A bill that would enforce rental payments and council tax payments as part of credit histories is progressing through the House of Lords on its way to becoming possible law.
The bill is at the report stage, the fourth of five legislative stages in the House of Lords, and will progress into the House of Commons this year.
The bill was originally drawn up by peer John Bird, founder of the Big Issue magazine, to support consumers applying for mortgages by taking rent and council tax payments as mandatory parts of their credit histories.
The potential law, as it stands with no amendments, could improve credit scores, particularly for younger people, making them more eligible for consumer credit products like credit cards and motor finance.
According to reports, the report received cross-party endorsement during a parliamentary debate. An attempted amendment for a Financial Conduct Authority (FCA) review after two years failed, as did an attempted amendment aimed at reducing the mandatory obligation for lenders to take rental payments into account.
The Big Issue has been working in association with credit rating agency Experian on joint venture The Rental Exchange, tackling exclusion in the housing market.
The law would add to regulatory observance on creditworthiness, and affordability, that the FCA has been conducting.
In the middle of 2017 the regulator released an update to its motor finance review.
The FCA said that creditworthiness was comprised of both credit risk and affordability and that it sought to ensure that appropriate account is taken of affordability when it does not fully align with credit risk.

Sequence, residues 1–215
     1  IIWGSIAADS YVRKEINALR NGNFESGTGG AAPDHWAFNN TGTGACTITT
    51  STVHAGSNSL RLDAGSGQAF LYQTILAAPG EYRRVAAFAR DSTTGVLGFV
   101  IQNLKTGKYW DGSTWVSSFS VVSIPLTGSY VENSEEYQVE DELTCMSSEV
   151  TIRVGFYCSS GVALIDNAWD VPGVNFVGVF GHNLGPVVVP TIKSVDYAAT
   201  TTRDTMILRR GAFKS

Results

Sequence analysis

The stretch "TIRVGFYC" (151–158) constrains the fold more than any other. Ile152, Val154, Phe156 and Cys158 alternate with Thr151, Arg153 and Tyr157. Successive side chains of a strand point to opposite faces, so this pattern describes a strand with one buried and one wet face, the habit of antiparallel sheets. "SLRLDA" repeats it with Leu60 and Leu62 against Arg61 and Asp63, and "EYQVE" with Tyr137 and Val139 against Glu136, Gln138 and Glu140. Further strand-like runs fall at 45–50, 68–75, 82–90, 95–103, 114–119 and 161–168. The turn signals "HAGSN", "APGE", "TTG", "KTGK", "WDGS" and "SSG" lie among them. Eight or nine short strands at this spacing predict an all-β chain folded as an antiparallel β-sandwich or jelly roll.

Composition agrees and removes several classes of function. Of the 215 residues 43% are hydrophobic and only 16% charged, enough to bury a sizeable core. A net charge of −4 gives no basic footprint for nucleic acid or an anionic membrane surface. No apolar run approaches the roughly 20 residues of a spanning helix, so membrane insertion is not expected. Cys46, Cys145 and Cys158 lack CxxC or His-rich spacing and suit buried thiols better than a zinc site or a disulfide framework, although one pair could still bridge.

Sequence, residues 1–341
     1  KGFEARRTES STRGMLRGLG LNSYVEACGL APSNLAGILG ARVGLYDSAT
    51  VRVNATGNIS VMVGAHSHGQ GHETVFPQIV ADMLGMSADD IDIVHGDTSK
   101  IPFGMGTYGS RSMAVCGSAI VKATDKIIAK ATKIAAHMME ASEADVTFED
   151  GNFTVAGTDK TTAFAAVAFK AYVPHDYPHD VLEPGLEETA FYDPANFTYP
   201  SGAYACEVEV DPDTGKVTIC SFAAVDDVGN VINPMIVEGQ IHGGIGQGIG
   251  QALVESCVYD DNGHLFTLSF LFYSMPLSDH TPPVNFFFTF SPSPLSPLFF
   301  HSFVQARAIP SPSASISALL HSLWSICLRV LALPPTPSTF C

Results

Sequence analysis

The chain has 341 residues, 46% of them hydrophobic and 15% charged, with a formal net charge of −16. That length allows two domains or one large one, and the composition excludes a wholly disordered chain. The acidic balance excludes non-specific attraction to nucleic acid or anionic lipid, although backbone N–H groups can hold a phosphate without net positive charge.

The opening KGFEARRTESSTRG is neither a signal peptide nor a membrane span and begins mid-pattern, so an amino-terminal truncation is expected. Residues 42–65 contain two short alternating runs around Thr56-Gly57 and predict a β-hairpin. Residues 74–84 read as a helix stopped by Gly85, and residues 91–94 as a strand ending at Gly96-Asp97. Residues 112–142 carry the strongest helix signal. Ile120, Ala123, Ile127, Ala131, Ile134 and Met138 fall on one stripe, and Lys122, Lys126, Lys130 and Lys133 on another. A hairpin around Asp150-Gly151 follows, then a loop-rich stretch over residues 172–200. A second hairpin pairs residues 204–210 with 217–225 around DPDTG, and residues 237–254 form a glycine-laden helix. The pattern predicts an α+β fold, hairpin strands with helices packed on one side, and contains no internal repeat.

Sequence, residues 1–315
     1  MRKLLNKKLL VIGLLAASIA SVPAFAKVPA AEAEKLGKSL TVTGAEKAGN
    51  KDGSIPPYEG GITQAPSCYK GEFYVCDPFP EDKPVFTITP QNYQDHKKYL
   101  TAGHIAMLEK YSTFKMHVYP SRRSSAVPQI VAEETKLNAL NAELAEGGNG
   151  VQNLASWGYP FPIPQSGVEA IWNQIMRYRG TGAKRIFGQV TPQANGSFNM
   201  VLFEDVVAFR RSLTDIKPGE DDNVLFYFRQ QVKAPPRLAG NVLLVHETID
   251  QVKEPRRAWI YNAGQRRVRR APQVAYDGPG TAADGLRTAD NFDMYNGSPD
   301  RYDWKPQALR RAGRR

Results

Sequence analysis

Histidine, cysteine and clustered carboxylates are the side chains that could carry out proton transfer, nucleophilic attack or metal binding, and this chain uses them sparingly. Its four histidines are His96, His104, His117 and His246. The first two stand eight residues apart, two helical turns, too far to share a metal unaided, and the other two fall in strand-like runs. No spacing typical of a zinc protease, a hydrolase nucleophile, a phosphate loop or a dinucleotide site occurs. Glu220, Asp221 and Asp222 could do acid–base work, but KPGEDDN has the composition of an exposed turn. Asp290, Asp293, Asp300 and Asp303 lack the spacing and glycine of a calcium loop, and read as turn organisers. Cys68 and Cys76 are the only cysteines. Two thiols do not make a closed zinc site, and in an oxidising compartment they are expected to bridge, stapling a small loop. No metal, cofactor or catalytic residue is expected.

It proposed clarifying that creditworthiness includes both credit risk to the lender and affordability to the borrower.
On top of this, the FCA proposed a rule specifying the extent and scope of a creditworthiness assessment in a particular case dependent on, and proportionate to, the individual circumstances. For example it said firms would need to have regard for the type, amount and duration of the credit, the total amount payable, and the frequency of instalments.
It also proposed clarifying that the volume and content of information that must be taken into account when assessing creditworthiness will depend on the level of affordability risk, and that where there is evidence to suggest there is a high likelihood a customer will be unable to make one or more repayment under the credit agreement, then this may also be an indicator of a high level of affordability risk.
On its desired outcomes, the FCA said it wanted firms to make a reasonable assessment of whether customers could repay affordability without significantly affecting their wider financial situation. The regulator noted that it wanted to avoid being too prescriptive to avoid affecting the cost and availability of credit. The FCA said clarification would make it easier for firms to comply.